Most likely the person who makes his or her way to the Cloud of Unknowing has done so as a result of some prior experience with spiritual life in some fashion or other. This person may have gone though the usual ups and downs (a heightened sense of anguish, curiosity, anxiety, urgency, bliss, or dissociation). This person may deep inner conflicts regarding theological issues. When they encounter this text, and do as it instructs, sitting with a “naked intent,” piercing God with a “dart of longing,” and absolutely ceasing any thoughts of God, putting them into “the cloud of forgetting,” one comes to an experience of love that overwhelms the psyche. But it is achieved without the involvement of the intellectual capacity. The person then knows in a non-intellectual manner, and as such they don’t have an (intellectual) clue, but this not knowing is quite far form not caring It’s the blossoming of deep, deep, love the likes of which many have never experienced before.

      You are clueless simpleton, cluelessly in love with everything, to borrow a phrase from Raymond’s wonderful book title.

      And my goodness, how brilliant the rest of your comments!

  2. Yes indeed Tom, I agree on that excellent point: “encourages a deeper and fuller surrender of the ego.”

    And I think it is instructive that you say “deeper and fuller.”

    Spiritual poverty, as seen in both Zhuangzi (“I depend on what I don’t know.”) and some of the Christian mystics like San Juan de la Cruz (pobreza espiritual), is an efficacious perspective. I think there is a disadvantage in claiming that I can completely eliminate the ego. In fact, it might even be the ego that makes such claims.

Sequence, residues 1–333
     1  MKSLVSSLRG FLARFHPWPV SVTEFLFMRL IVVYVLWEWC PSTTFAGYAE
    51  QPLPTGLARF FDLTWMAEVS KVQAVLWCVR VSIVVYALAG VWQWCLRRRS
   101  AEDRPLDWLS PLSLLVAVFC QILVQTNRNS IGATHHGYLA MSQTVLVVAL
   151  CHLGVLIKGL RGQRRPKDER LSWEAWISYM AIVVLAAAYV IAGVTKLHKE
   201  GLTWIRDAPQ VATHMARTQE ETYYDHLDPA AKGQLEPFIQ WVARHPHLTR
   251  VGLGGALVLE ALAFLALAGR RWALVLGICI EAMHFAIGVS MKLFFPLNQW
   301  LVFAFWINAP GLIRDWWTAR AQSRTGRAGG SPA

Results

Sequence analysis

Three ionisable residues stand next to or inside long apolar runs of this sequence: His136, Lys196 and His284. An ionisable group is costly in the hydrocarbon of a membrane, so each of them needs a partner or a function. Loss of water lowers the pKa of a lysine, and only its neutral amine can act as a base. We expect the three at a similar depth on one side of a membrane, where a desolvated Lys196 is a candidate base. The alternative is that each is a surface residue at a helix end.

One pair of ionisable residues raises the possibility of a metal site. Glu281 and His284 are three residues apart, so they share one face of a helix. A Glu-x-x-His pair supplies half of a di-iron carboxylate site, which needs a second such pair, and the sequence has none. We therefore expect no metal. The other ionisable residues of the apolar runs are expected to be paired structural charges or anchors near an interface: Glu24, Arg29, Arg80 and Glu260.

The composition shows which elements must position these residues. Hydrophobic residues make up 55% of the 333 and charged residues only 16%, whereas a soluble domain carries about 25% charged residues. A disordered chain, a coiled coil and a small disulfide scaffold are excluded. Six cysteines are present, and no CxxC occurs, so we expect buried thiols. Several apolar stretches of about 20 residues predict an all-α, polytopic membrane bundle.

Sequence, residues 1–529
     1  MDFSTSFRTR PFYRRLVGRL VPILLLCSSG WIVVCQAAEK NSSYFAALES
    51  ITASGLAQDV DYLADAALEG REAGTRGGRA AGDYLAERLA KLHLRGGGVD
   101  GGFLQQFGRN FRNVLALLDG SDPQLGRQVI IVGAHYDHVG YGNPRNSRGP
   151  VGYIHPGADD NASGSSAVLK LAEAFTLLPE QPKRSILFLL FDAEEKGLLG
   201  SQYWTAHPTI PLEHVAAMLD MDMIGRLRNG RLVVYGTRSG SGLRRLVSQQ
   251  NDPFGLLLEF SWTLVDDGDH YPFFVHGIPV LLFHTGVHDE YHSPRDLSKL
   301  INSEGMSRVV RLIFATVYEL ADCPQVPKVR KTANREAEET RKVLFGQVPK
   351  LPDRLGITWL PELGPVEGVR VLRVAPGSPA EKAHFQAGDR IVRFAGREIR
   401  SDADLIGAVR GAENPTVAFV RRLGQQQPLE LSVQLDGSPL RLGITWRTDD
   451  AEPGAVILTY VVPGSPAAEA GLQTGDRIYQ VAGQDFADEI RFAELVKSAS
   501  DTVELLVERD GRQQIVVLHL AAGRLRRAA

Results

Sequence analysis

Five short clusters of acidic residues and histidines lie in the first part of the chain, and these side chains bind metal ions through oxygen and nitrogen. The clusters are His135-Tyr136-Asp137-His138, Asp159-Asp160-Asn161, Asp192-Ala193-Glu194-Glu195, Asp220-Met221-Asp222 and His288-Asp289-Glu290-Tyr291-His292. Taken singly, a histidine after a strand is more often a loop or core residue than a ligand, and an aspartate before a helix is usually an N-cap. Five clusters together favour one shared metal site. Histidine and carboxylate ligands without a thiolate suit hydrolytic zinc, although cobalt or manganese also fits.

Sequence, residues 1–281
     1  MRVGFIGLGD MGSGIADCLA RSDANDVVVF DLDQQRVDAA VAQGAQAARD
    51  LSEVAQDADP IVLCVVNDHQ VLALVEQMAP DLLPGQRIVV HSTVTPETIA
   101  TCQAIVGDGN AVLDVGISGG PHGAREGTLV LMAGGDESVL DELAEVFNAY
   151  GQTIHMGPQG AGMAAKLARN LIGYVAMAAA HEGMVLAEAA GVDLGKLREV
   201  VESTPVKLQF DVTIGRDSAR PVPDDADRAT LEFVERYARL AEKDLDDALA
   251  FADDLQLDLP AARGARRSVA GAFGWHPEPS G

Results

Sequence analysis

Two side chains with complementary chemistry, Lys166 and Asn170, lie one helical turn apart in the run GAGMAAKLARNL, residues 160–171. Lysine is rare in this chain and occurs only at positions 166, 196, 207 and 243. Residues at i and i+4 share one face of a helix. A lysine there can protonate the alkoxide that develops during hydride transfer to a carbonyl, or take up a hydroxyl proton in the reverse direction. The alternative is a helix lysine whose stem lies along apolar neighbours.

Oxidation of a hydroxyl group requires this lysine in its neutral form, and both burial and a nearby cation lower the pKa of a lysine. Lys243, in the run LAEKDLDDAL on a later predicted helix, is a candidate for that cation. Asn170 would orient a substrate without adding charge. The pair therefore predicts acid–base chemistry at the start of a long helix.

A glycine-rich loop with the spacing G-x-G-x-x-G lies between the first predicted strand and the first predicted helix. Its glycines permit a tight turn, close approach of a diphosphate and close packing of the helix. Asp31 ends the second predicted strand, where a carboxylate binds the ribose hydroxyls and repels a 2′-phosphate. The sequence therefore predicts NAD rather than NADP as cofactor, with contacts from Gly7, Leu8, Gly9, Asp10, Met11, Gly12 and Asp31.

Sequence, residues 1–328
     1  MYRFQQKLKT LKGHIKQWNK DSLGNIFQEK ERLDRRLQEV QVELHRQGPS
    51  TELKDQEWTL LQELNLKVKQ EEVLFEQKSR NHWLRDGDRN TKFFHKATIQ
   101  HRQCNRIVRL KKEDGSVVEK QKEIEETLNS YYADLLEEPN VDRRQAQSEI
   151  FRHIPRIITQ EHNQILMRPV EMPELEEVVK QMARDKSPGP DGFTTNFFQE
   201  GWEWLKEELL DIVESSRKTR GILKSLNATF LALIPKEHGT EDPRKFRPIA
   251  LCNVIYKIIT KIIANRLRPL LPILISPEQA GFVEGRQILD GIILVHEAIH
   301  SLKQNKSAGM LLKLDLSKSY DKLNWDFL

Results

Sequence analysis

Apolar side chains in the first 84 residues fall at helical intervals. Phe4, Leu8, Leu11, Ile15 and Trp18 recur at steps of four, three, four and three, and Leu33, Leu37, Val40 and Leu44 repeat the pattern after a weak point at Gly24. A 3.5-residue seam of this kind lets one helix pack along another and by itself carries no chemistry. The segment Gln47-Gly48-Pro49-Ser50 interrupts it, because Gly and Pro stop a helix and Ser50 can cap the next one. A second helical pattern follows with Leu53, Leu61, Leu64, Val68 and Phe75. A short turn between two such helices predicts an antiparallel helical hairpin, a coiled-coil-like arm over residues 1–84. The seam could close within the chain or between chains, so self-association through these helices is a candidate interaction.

Gloria’s report is quite on the mark.  When I was a volunteer interfaith chaplain in a in California hospital I found it useful at times to pray with folks, using their theology (implicitly at least), even though I did not profess to these same truth claims. (Although, conveniently for these occasions, I also did not, and do not, rule out the truths they held in their hearts.)

    Intellectually this appears dishonest. But was it really? In the praying together, the client and myself were both acknowledging that in order to effectively cope with the situation they were in, we needed to find a perspective that could transcend the boundaries of typical habitual thought patterns and machinations.

    What I found interesting was that we could access a dynamic process that was not as available even by listening with that powerful tool which Carl Rogers called “unconditional positive regard” (Carl Rogers)

    As soon as we started to pray, the gestalt in the hospital room shifted markedly, and sometimes dramatically. The discursive thought of ordinary mind nearly completely vanished. Something from the center of our being had become acutely awake. Something quite beyond the thought of having or not having a God.  It is something Meister Eckhart prayed for: “I pray God to be rid of God.” What striking results I experienced from those artless prayers!

    By the way if there is a God, it is apparent that she loves us so much that it does not matter whether or not we believe she exists. I do and I don’t. Like Zhuangzi, I don’t know anything for sure, and that seems to help me get as far away from the claims of the “I” as I can.

    Thanks Patricia, for posting that beautiful Hafiz

  3. “When all your desires are distilled
    You will cast just two votes:
    To love more.
    And be happy.”